Likely norovirus outbreak gives Camp Mather runs 

An outbreak of gastrointestinal distress in the Sierra Nevada has hit Camp Mather, according to San Francisco Recreation and Park Department officials, who operate the park.

Although the campground near Yosemite remains open to visitors, an extensive cleaning is under way after three campers and two employees reported symptoms such as sudden vomiting, nausea and diarrhea from July 1 to July 8. Six other cases were reported the prior week.

The affected visitors included a 2-year-old child who suffered from a high fever and department General Manager Phil Ginsburg. Both suffered symptoms for a day.

An estimated 500 campers visited Camp Mather during the outbreaks. Additional hand-washing stations were brought to the camp to promote hygiene.

Tuolumne County health officials said those numbers suggest a spike in outbreaks because typically only one or two a week occur in June.

The Tuolumne County Public Health Department took samples from campers near where the park is located. Test results were not immediately available, but norovirus is suspected.

According to the Centers for Disease Control and Prevention, norovirus is generally spread through water or when touching surfaces contaminated by the virus. It’s found in vomit or fecal matter of infected people.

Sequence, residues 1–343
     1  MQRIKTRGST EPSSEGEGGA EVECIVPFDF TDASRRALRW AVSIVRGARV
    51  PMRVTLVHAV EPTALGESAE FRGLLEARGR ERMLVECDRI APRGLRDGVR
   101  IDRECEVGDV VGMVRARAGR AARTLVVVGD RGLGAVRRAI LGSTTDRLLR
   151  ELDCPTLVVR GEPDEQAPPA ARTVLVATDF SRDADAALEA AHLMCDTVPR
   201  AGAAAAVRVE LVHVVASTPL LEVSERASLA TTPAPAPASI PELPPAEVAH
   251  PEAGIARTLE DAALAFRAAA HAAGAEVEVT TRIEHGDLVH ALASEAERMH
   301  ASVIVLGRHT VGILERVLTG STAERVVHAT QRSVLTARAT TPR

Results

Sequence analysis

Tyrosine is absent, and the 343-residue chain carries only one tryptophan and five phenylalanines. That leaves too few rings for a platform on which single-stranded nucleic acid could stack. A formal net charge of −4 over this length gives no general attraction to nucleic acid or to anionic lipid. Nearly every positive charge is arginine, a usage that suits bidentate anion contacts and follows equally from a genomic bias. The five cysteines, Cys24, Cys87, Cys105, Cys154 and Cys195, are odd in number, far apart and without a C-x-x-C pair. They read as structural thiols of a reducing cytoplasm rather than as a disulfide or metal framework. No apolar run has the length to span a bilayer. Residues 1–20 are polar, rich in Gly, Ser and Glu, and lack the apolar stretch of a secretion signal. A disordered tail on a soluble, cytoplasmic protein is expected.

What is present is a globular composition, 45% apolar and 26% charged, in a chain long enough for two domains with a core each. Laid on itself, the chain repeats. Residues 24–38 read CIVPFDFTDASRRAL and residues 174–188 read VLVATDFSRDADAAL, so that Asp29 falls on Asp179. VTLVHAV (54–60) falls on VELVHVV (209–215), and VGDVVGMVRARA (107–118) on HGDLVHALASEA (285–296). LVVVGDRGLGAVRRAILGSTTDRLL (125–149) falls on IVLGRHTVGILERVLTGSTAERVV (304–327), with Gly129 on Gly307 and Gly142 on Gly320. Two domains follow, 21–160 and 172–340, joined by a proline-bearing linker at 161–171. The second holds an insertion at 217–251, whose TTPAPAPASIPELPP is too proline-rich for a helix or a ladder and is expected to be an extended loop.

It’s generally prevented through the washing of hands, proper food preparation and cleaning of infected surfaces. The CDC said most people with the virus recover within two days. More-serious cases, however, can lead to death.

It’s common at sea and on land. Last month, an outbreak was reported aboard the Princess Cruises ship Sea Princess during a 10-day Alaskan cruise that left from The City.

An outbreak of norovirus also was found at Berkeley’s Tuolumne Camp a few miles from Camp Mather. That camp was closed last weekend for an extensive cleaning.


What is norovirus?

  • Highly contagious
  • Causes acute gastroenteritis, which is inflammation of stomach and intestines
  • Common symptoms include diarrhea, vomiting, stomach pain
  • Typically lasts one or two days, but can be fatal
  • Spread through touching surfaces contaminated by those infected; eating food contaminated by virus; or having direct contact with person with virus

Source: CDC

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